Tuesday, July 28, 2009

Obama administration to Israel: Forget about what we do! Didn't Obama say he supports Israel?

By Barry Rubin

It is truly remarkable that even when the Obama administration is consciously, explicitly trying to show that it understands the Middle East, it shows that it…doesn’t understand the Middle East.

And Israel most of all.

Here’s the background. Aluf Benn, a brilliant reporter for whom I have great respect, wrote a New York Times op-ed that says what everyone in Israel knows (and what I’ve written repeatedly): the Obama administration has alienated Israeli public opinion across the political spectrum.

(True, foreign reporters can find some people who say Israel should go along with Obama, but even they are clear that this is only to avoid making him angry and because they think his policy will fail any way.)

Then Jeffrey Goldberg of the Atlantic, another superb reporter, interviewed two senior administration officials who claim that Benn and everyone else in Israel--which is after all the point, isn’t it?—got it wrong. Obama did two things in his Cairo speech for which Israelis are supposed to be grateful.

First, he spoke of America’s strong support for Israel, while talking directly to the Muslim world. (This was no doubt useful in case anyone in the Muslim world didn't know that the United States supports Israel.)

Second, he pointed out that regimes used the Palestinian issue as a diversion from their own problems and spoke in favor of democracy. (And then went on to fit his own policy completely into that deception.)

Goldberg seemed to find this claim at least partly persuasive. I find it completely ridiculous.

Here is a president whose administration publicly stated--before any consultation with the Israeli government--that he's going to force Israel to make a major concession, offered nothing in return, and made no demand on the Arab world. (Obama suggested politely and privately that Arab states should give Israel some confidence-building measure.)

Meanwhile, he told a Jewish leaders' delegation--into which he forced leaders of two anti-Israel groups--that the United States needed to distance itself more from Israel. Oh, and he said that a U.S. guarantee to Israel which Israelis believe had been given--correctly, I am positive--by the previous president never happened.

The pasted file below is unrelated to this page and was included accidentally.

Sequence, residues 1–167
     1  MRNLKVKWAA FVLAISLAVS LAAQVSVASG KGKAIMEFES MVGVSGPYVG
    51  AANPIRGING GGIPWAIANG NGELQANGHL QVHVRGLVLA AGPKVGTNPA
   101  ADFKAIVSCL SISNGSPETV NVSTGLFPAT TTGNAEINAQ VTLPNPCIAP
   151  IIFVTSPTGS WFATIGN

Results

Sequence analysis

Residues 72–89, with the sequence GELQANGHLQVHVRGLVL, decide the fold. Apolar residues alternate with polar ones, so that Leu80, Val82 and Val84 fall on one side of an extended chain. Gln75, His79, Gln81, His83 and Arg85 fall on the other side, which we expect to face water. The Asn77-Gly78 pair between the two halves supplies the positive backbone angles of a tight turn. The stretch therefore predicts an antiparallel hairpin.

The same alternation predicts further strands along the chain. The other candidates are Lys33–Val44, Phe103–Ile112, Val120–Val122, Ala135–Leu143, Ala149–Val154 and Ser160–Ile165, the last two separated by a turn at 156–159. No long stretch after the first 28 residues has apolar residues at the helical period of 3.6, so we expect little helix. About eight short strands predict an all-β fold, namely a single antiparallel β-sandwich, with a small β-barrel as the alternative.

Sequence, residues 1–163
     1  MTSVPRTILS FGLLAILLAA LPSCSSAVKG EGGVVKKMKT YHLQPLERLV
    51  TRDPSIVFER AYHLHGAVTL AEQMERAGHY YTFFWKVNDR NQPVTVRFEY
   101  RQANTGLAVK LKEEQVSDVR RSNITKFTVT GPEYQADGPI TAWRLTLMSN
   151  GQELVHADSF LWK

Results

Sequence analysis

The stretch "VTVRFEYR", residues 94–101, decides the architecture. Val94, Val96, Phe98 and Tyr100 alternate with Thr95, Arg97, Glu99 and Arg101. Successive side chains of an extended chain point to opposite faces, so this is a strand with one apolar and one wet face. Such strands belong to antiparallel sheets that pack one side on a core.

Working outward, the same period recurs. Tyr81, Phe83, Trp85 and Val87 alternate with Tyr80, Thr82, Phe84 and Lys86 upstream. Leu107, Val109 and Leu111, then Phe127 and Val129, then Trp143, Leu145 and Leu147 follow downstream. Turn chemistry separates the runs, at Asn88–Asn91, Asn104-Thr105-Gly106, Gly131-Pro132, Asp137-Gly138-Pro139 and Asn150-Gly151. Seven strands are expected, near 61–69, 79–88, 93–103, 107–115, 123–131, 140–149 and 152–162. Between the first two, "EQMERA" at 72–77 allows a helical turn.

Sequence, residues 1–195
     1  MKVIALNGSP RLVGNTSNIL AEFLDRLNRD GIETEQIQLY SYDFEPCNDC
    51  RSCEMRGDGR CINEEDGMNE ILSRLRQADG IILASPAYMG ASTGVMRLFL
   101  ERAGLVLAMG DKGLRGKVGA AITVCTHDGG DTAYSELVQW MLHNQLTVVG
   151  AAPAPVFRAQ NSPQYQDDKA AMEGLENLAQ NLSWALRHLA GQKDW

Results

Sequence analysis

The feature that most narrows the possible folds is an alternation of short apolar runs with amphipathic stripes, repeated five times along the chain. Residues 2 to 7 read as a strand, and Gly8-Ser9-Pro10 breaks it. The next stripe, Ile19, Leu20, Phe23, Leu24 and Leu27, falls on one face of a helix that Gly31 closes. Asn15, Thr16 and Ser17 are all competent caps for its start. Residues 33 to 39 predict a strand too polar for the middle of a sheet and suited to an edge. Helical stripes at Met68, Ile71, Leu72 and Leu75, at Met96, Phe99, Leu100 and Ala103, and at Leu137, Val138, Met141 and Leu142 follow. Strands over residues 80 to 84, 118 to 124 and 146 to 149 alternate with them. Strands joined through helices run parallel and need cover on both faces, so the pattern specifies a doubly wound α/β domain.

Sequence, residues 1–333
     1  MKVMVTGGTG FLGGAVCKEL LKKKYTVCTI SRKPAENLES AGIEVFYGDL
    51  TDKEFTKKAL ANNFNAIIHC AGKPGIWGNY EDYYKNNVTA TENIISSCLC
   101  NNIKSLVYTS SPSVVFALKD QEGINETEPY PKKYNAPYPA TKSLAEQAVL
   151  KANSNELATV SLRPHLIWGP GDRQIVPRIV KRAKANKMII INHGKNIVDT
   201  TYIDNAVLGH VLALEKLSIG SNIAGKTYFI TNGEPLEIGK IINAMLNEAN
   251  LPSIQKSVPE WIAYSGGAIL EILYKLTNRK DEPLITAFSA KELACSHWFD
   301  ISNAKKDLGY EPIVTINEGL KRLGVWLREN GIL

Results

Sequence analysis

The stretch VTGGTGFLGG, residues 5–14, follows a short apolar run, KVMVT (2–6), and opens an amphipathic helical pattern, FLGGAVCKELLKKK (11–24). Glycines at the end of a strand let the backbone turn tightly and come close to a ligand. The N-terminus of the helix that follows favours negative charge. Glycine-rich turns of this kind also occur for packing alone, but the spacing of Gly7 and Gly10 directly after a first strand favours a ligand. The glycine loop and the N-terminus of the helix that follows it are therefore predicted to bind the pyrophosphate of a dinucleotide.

How could those silly Israelis be uncertain of his firm and reliable backing, administration officials say. Let me count the ways:

In the Cairo speech, Obama pandered to Islam, exonerating Muslims of any past intolerance whatsoever, focusing on Palestinian suffering (and alleged eagerness for a comprehensive peace agrement) while strongly implying that Israel only existed because of the Holocaust.

Yes, he also said that the United States strongly supported Israel and would continue to do so. Well, every president has said it and they actually did it. When Obama put that into his Cairo speech it had to be viewed by his audience as either something obvious or--wink, wink; nudge, nudge--a figleaf for a drastically different new policy.

And he did say Arab states used the Palestinian issue as an excuse to avoid democracy and to face their own failings.

But so what? At the same time his administration stopped any pressure toward democracy (he could barely support it verbally in Iran after a stolen election when millions were protesting) and accepted the idea--precisely the point he was supposedly contesting--that the Palestinian issue is the most important thing in the Middle East, maybe even in the world.

Let's review that last factor. Obama says: You're just pushing this issue to hide behind. But we will go along with this game and act as if we have to deliver on it to get anywhere with you.

Obama himself completely negated the point he was supposedly making.

No doubt, these senior officials are sitting around in Washington DC congratulating themselves on how they showed Israel that it could feel secure with an Obama administration.

At the same time, everyone in Israel keeps saying: No, we don't feel secure.

And when someone points that out right in their faces--the op-ed page of the New York Times-- so they can't ignore it--the response is: oh, no, you aren't paying proper attention.

What a wonderful symbol this is for the Obama administration's foreign policy! It takes a wrong tactic, strategy, statement, but then interprets it as if everyone else gets it wrong.

Iran;s regime doesn't understand that the United States is getting tough? Arab states don't understand that the United States will protect them from Iran? Central Europeans don't get it that Obama isn't selling them out to the Russians?

Hey! They just aren't paying attention!

But it's the Obama administration officials who aren't paying attention. They still didn't respond to Benn's point: Obama should speak to Israelis. They responded by saying that he spoke about Israel to Muslims. Isn't that better? No, it isn't.

It reminds me of the Stalinist Bertolt Brecht's reaction to the workers' uprising in East Germany and Poland in the 1950s: The workers have failed us. Let's elect a new proletariat.

Or perhaps to paraphrase the famous statement falsely attributed to Marie Antoinette: They aren't finding any bread in our policy? Didn't they see the cake we gave them!

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